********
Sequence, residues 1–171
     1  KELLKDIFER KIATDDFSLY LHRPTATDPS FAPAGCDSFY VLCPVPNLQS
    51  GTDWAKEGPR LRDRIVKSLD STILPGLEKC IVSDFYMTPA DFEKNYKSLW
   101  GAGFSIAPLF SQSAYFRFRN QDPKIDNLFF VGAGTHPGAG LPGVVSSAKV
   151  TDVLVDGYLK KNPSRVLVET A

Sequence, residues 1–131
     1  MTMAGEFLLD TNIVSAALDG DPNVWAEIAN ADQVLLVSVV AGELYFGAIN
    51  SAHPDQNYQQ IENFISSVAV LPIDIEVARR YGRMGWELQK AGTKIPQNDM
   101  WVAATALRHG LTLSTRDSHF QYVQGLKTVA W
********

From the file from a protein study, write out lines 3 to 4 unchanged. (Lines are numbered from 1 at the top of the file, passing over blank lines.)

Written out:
    51  GTDWAKEGPR LRDRIVKSLD STILPGLEKC IVSDFYMTPA DFEKNYKSLW
   101  GAGFSIAPLF SQSAYFRFRN QDPKIDNLFF VGAGTHPGAG LPGVVSSAKV